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Hardware Clustering

Hardware Clustering 

Hardware clustering turns multiple servers into a cluster, also called an operating system cluster. It means that the group of working servers will act as one. This happens through a single control machine. This one machine will run the set of servers through its operating system. It uses different parts of hardware to achieve a single goal.

Hardware clustering involves either active or passive secondary hardware parts. The active components will run on their applications and processes, and the central controller will control passive hardware parts. Many IT professionals will use this clustering to work on enhanced system capacity and different data backup strategies.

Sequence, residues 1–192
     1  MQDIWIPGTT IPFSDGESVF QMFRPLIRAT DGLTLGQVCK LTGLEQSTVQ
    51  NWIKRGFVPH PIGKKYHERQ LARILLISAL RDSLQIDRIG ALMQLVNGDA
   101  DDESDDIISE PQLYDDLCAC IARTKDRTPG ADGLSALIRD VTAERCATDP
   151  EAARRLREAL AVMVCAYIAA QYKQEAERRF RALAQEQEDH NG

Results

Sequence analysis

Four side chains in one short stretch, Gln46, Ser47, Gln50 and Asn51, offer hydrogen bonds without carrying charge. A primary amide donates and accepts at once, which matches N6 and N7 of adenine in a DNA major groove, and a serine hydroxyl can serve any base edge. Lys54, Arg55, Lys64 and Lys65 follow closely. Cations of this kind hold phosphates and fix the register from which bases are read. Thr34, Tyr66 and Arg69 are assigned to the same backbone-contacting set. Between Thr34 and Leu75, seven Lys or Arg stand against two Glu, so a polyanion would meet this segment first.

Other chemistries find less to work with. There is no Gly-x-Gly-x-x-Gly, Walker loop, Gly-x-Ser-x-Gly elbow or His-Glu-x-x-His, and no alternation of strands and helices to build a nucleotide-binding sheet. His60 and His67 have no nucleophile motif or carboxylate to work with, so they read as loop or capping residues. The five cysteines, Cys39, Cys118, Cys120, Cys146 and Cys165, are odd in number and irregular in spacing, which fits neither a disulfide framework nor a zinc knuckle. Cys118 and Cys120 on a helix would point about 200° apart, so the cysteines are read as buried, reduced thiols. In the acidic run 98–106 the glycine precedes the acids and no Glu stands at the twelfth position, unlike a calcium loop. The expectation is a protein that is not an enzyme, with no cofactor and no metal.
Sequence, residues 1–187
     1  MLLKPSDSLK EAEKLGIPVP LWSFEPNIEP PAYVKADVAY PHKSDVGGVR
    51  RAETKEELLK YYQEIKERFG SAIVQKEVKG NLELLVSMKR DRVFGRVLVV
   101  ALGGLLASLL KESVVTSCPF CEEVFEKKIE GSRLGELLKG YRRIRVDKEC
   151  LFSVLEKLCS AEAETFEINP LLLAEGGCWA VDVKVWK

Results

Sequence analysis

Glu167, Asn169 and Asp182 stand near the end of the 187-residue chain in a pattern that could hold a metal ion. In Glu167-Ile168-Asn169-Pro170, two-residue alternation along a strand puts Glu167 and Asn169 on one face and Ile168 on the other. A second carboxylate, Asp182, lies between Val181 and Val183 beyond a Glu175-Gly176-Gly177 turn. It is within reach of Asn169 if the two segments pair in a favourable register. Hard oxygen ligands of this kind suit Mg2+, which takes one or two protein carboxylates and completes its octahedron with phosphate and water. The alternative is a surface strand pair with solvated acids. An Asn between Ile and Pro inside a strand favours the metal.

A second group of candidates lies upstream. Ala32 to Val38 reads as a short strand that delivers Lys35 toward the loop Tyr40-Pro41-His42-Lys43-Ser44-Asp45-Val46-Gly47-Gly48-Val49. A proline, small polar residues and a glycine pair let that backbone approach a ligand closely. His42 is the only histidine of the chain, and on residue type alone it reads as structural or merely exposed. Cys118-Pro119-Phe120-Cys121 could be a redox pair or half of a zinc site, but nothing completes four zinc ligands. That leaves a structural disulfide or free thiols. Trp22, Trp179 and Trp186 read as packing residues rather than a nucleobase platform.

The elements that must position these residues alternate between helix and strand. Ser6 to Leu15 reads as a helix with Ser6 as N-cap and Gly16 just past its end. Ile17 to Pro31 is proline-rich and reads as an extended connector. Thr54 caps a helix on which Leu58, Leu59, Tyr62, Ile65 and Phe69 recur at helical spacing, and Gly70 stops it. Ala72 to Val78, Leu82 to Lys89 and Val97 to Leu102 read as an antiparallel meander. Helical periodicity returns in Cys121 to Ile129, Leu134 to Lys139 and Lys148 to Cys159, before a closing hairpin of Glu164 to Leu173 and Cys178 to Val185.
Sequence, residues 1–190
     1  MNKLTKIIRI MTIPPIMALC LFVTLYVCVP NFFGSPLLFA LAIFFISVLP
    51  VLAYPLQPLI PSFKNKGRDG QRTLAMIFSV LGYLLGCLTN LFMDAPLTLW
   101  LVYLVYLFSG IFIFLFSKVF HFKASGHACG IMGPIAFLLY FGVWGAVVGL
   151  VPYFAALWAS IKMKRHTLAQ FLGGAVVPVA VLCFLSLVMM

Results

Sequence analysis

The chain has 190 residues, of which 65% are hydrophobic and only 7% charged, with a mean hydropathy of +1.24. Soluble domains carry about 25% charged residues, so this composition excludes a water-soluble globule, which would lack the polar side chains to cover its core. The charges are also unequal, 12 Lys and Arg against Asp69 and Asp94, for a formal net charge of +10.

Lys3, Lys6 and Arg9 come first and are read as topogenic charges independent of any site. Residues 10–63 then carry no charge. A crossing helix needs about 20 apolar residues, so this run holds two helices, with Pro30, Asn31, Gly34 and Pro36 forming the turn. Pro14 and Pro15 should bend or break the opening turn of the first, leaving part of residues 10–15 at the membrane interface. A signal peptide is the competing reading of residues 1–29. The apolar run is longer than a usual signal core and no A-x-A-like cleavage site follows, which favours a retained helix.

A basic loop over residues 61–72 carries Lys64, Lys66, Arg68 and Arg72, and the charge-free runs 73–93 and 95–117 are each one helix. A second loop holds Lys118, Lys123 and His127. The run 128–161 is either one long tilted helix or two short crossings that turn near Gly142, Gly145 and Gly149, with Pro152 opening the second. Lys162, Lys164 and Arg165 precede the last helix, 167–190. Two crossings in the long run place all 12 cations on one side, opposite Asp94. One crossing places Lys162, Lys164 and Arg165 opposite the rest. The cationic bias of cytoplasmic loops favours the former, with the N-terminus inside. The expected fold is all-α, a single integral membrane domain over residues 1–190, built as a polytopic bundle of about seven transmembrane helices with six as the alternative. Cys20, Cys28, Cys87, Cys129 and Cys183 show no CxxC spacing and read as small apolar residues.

This clustering strategy is analogized with application clustering. The particular software is used to control clustering servers in a virtualized setup. But there is a minus point for the clustering process that is costly.

Let us look at some of the critical aspects of hardware clustering:

  • Hardware Clustering usually ensures the high availability Of clusters, so if one group fails, another will take on the job and complete the task on time.
  • The clustering can easily be scaled by removing or adding servers accommodating growing workloads or needs.
  • Clusters allow for more effective use of hardware resources since the task will be spread across multiple tools. It also includes a data replication mechanism to ensure that data is constantly available and up to date on all cluster nodes.

Types of Hardware Clustering

  • Parallel processing clusters are used in HPC environments to divide an enormous task into smaller tasks handled by multiple nodes.
  • Load balancing cluster: These clusters will distribute the incoming groups across multiple nodes to enhance performance and adequately utilize resources.
  • Shared storage: Hardware clustering usually uses shared storage solutions such as storage area networks to ensure the data is constantly available across all nodes.

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